DVD Talk
Release List Reviews Shop Newsletter Forum DVD Giveaways Blu-Ray Advertise
Reviews & Columns
Reviews
DVD
TV on DVD
HD DVD / Blu-ray
International DVDs
Theatrical
Video Games

Features
Collector Series DVDs
Easter Egg Database
Interviews
DVD Talk Radio
Feature Articles

Columns
Anime Talk
DVD Stalk
DVD Savant
High-Def Revolution
Silent DVD

discussion forum
DVD Talk Forum
Resources
DVD Price Search
Customer Service #'s
RCE Info
Links

DVDTalk Info
Review Staff
About DVD Talk
Advertise
Newsletter Subscribe
Join DVD Talk Forum
DVD Talk Feeds


Sponsored Links
Search: For:
Reviews » Blu-ray Reviews » The Man Who Died Twice (Blu-ray)
The Man Who Died Twice (Blu-ray)
Kino // Unrated // November 14, 2017 // Region A
List Price: $29.95 [Buy now and save at Amazon]
Review by Stuart Galbraith IV | posted November 10, 2017 | E-mail the Author
Buy from Amazon.com
C O N T E N T
V I D E O
A U D I O
E X T R A S
R E P L A Y
A D V I C E
Recommended
E - M A I L
this review to a friend
P R I N T
Printer Friendly
By the late 1950s Republic Pictures, the studio famous for its B-westerns starring Gene Autry and Roy Rogers and its action-packed chapter plays, was on its last legs. Despite cash flowing in thanks to the sale of its film library to television and stages rented by talent agency MCA's television arm, Revue Productions, Republic never quite adapted either to the shrinking, changing theatrical market nor the emerging television one.

Republic released its last slate of feature films in 1958 and early 1959. One of the last of these was The Man Who Died Twice, which opened in June 1958. Modest though it is, the picture is reasonably entertaining and interesting for several reasons, and seeing it sparkling on Blu-ray - in Naturama, no less - is a treat. It was the last movie of Vera Ralston, wife of Republic studio head Herbert Yates, and of the last film noir of the classical period.

Shady nightclub owner T.J. Brennon dies in a spectacular car crash. (The car plows through a barrier off a mountain road, perhaps Republic's single most overworked piece of stock footage ever.) Soon after, T.J.'s widow, Lynn Brennon (Vera Ralston) is returning home when, in front of her apartment building, she hears a shot, witnesses a fight in the shadows of her balcony, and one of the men falls inches from her feet as the other flees. She faints dead away.

Narcotics department Capt. Andy Hampton (Louis Jean Heydt) and Chief Sloane (John Maxwell) suspect the home invader was looking for heroin stashed in Brennon's apartment. Elsewhere, Chicago hit men Hart (Gerald Milton) and Santoni (Richard Karlan), also looking for the drugs, check into a nearby hotel, awaiting instructions.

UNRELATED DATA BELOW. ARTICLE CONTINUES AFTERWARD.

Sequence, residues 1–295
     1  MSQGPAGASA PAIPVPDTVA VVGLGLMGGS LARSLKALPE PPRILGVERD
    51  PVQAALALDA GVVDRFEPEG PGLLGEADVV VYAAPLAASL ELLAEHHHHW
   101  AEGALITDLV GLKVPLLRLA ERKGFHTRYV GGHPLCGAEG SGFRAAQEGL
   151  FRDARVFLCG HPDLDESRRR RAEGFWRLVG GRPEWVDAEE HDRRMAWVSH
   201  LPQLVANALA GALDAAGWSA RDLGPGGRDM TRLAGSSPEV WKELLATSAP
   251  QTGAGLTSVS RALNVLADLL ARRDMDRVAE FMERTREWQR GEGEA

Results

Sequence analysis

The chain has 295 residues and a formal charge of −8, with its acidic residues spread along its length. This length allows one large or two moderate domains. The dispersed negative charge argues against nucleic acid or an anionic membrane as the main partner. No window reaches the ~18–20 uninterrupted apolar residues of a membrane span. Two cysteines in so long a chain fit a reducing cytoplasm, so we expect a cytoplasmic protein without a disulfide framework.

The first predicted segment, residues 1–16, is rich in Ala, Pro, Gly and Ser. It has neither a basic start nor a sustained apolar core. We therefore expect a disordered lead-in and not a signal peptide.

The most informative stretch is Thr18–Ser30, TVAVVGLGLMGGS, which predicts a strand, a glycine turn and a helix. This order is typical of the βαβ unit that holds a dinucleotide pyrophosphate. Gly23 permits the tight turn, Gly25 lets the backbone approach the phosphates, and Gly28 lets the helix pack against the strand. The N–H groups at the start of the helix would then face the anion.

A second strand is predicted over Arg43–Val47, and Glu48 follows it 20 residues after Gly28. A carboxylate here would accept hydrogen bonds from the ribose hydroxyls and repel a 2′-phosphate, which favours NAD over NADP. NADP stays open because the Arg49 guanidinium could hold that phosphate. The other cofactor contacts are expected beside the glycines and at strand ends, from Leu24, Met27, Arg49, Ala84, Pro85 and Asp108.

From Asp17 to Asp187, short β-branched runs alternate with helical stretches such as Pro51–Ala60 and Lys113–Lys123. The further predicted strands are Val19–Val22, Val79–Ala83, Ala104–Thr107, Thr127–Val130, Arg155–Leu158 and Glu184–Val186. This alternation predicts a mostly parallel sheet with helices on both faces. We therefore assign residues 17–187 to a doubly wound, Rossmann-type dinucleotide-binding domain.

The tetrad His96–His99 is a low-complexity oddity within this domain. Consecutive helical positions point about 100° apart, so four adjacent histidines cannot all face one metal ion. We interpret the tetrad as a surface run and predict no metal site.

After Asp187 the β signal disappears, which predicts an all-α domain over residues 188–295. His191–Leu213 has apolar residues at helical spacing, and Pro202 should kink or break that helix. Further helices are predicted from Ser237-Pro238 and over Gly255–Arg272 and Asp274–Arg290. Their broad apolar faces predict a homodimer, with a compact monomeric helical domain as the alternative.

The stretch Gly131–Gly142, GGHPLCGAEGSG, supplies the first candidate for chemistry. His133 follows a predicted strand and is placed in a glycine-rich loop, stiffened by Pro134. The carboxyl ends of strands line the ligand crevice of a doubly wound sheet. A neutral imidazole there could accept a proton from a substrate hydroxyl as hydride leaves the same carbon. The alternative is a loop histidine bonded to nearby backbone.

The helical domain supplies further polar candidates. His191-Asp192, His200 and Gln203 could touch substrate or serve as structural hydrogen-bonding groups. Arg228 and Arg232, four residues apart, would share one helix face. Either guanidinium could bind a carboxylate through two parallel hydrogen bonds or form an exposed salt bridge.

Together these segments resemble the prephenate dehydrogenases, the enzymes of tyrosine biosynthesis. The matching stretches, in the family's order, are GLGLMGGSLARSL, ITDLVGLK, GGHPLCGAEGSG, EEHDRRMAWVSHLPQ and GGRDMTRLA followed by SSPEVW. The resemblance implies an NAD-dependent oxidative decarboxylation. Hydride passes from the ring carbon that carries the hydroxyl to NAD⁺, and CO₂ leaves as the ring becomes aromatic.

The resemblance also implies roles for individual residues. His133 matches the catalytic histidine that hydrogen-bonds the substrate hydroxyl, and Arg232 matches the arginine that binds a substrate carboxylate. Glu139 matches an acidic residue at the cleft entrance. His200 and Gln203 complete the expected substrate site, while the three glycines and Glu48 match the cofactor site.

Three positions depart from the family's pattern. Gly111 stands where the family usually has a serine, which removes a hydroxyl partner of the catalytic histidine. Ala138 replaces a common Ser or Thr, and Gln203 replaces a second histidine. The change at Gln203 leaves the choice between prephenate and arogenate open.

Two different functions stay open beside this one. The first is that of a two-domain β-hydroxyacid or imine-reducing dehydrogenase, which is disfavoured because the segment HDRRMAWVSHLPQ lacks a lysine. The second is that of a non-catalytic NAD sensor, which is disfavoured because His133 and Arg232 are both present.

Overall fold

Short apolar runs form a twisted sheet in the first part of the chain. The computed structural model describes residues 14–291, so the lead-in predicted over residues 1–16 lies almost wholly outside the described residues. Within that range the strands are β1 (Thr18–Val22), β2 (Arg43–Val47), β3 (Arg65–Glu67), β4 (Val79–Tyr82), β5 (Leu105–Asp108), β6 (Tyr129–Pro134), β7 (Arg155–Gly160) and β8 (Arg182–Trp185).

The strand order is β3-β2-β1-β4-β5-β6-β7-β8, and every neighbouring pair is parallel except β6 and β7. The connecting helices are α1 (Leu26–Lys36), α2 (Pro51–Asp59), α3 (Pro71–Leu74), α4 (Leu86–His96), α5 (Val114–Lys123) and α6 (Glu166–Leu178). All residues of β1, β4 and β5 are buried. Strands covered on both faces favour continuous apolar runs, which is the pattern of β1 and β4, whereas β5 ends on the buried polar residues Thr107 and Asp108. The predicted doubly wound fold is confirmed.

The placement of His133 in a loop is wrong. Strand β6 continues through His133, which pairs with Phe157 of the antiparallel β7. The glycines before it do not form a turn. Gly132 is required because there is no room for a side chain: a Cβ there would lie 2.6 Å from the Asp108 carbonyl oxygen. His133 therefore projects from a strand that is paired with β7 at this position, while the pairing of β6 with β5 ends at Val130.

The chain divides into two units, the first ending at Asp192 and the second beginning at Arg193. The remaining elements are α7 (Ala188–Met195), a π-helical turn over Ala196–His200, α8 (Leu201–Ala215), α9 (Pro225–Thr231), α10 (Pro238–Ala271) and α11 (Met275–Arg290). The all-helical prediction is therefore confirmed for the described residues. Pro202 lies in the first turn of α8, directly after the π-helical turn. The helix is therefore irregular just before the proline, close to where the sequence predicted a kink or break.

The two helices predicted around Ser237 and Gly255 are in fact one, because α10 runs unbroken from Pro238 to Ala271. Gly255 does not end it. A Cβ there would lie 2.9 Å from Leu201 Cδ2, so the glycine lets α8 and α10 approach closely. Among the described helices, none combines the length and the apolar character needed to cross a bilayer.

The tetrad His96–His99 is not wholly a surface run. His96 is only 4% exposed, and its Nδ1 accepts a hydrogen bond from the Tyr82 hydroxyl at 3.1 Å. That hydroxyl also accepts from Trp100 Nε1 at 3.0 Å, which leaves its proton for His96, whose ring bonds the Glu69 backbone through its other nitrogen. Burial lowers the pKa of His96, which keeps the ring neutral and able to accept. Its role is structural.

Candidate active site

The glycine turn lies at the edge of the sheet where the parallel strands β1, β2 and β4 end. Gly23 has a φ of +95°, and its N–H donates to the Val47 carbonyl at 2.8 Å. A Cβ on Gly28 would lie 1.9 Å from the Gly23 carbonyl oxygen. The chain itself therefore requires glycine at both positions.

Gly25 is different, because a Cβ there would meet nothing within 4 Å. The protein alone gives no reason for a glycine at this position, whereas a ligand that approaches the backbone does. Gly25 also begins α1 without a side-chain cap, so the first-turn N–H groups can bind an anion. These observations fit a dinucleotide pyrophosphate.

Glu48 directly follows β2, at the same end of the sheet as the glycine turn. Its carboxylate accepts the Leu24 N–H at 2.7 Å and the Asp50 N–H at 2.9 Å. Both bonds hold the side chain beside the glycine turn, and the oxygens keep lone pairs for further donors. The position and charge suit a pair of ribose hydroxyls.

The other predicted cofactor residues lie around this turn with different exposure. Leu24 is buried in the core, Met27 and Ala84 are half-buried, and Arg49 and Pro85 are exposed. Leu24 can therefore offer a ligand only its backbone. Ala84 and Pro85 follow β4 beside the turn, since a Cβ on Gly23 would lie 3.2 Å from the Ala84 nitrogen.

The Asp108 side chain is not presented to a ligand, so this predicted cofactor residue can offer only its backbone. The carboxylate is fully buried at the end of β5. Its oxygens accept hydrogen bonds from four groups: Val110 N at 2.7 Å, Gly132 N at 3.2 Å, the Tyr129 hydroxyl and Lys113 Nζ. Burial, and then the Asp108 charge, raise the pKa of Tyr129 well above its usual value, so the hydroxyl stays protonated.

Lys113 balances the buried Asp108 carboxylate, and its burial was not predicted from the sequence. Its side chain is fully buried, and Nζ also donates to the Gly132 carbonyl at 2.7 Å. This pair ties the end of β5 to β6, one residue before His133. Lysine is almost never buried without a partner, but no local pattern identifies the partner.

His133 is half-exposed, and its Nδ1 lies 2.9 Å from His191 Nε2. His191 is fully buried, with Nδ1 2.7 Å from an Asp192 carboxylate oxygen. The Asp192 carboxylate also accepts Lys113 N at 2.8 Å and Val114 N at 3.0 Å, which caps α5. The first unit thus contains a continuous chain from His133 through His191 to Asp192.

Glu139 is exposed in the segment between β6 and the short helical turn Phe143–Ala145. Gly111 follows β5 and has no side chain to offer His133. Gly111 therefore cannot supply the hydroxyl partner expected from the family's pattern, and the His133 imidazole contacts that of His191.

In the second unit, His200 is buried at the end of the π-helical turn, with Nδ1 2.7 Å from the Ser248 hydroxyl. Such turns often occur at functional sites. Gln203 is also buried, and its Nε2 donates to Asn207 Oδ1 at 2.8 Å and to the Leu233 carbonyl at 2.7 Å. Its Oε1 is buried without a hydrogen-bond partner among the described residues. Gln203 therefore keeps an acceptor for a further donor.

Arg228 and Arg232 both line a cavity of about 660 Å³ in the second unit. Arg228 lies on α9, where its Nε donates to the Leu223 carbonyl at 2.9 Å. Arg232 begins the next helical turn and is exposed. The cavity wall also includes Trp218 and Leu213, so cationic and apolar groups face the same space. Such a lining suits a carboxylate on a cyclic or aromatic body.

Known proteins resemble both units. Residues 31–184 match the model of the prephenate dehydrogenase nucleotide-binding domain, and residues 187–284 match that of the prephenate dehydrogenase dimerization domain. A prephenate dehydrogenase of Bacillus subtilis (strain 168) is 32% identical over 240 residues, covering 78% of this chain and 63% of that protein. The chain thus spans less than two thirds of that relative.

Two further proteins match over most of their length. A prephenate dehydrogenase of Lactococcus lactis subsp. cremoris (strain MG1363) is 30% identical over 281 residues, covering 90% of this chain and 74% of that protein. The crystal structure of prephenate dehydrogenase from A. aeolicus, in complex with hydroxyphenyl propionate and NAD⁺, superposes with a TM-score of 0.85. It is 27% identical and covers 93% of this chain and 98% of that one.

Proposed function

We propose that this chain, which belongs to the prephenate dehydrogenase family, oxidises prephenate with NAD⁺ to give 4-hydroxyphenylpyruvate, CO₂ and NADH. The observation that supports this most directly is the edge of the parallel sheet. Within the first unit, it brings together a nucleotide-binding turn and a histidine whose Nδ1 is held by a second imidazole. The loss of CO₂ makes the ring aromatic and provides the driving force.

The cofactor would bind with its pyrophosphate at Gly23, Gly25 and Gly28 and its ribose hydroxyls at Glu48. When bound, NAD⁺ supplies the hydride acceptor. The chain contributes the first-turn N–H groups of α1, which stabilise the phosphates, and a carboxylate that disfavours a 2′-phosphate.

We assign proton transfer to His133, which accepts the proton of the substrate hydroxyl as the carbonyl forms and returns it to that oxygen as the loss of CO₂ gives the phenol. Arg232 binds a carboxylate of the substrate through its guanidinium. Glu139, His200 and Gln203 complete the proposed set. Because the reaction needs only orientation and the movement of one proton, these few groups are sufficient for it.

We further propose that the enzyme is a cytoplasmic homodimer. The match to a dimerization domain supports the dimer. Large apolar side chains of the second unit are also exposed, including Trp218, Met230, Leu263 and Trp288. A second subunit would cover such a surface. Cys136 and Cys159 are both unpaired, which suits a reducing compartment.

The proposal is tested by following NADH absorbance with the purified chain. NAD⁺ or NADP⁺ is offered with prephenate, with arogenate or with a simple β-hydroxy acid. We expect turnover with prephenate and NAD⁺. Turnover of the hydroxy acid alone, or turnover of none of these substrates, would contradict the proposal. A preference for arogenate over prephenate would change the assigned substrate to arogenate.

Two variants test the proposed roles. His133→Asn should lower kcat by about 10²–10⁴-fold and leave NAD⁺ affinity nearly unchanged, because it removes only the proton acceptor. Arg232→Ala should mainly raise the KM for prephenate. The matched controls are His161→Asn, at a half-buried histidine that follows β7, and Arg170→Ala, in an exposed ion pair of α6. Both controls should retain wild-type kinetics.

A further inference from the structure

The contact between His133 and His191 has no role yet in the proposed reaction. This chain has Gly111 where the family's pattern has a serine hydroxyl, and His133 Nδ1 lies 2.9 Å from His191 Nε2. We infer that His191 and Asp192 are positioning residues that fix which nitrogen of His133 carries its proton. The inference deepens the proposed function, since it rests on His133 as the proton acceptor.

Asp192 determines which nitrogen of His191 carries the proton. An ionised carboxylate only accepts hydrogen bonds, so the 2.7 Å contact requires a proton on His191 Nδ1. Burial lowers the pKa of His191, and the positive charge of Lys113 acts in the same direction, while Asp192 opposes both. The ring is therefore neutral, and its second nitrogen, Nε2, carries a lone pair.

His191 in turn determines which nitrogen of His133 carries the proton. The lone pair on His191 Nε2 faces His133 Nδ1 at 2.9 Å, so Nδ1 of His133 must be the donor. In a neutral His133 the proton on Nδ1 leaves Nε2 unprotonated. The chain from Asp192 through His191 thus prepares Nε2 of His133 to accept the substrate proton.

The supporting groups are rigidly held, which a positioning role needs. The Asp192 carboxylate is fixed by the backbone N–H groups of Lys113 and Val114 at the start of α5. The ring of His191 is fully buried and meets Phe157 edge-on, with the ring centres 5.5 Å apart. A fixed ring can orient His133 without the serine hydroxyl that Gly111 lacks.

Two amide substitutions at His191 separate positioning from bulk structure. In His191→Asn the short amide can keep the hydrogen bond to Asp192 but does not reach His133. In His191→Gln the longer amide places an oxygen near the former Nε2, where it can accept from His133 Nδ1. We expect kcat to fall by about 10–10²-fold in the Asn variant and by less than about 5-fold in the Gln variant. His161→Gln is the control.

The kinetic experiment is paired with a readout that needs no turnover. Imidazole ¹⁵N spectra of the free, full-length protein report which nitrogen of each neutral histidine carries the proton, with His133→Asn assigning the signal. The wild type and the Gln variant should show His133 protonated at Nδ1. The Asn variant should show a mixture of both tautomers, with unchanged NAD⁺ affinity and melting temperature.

T.J.'s brother, Kansas City cop Bill Brennon (Rod Cameron) also turns up, and reluctantly agrees to help Hampton and Sloane, they hoping she'll spill the beans about the narcotics, assuming she's in the deal.

Just 70 minutes, The Man Who Died Twice is short and sweet, an efficient little programmer that doesn't wear out its welcome, and imbued with enough neat little touches to make watching it worthwhile. Rod Cameron, a rougher-edged Randolph Scott type, is reliably appealing onscreen, aided by character veterans like Louis Jean Heydt and especially Mike Mazurki, typecast but effective as the nightclub's shady but dumb bartender, and who's in love with Lynn in a lapdog manner.

The film's screenwriter, future director Richard C. Sarafian (Vanishing Point) adds a lot of color to even the minor characters. Particularly interesting is Gerald Milton hitman, who frets about his wife's movements back in Chicago, and sadistically puts a lost cat out on the high ledge of his hotel room. There's also busybody biddy Miss Hemphill (Jesslyn Fax), a garrulous, alcoholic paid informant, who shares a couple of tense scenes with Milton. Not listed on the IMDb but clearly visible is Len Lesser, Seinfeld's Uncle Leo, in a bit as one of Hart and Santoni's hits. Bridging the old Republic with the contemporary wave of low-budget films is Luana Anders, who has a couple of good scenes as a young dope addict.

Video & Audio

The Man Who Died Twice was filmed in Naturama, Republic's late-to-the-party answer to CinemaScope. There was absolutely nothing special about the process, but it's still nice to see a crisp-looking black-and-white ‘scope production, and studio workhorse Joseph Kane, director of over 100 of Republic's features, sticks characters at opposite ends of the frame. The DTS-HD 2.0 mono Master Audio (supported by optional English subtitles) is good, too. Region "A" encoded.

Extra Features

The lone supplement is an audio commentary track by film historian Toby Roan.

Parting Thoughts

Not a classic noir, but perfectly serviceable and a decent time-filler, The Man Who Died Twice is Recommended.






Stuart Galbraith IV is the Kyoto-based film historian largely absent from reviewing these days while he restores a 200-year-old Japanese farmhouse.

Find the lowest price for 'The Man Who Died Twice (Blu-ray)'
Popular Reviews
1. Jabberwocky: Criterion Collection
2. Misery: Collector's Edition
3. Le Samourai
4. Cease Fire - 3D
5. Planes, Trains & Automobiles (Re-release)
6. The Philadelphia Story: Criterion Collection
7. Kill and Kill Again
8. Atomic Blonde
9. Young Doctors in Love
10. Beyond The Darkness


Sponsored Links
DVD Blowouts
1.
2.
3.
4.
5.
6.
7.
Alien [Blu-ray]
Buy: $19.99 $9.99
8.
9.
10.
Sponsored Links
Release List Reviews Shop Newsletter Forum DVD Giveaways Blu-Ray Advertise
Copyright 2017 All Rights Reserved. Legal Info, Privacy Policy, Terms of Use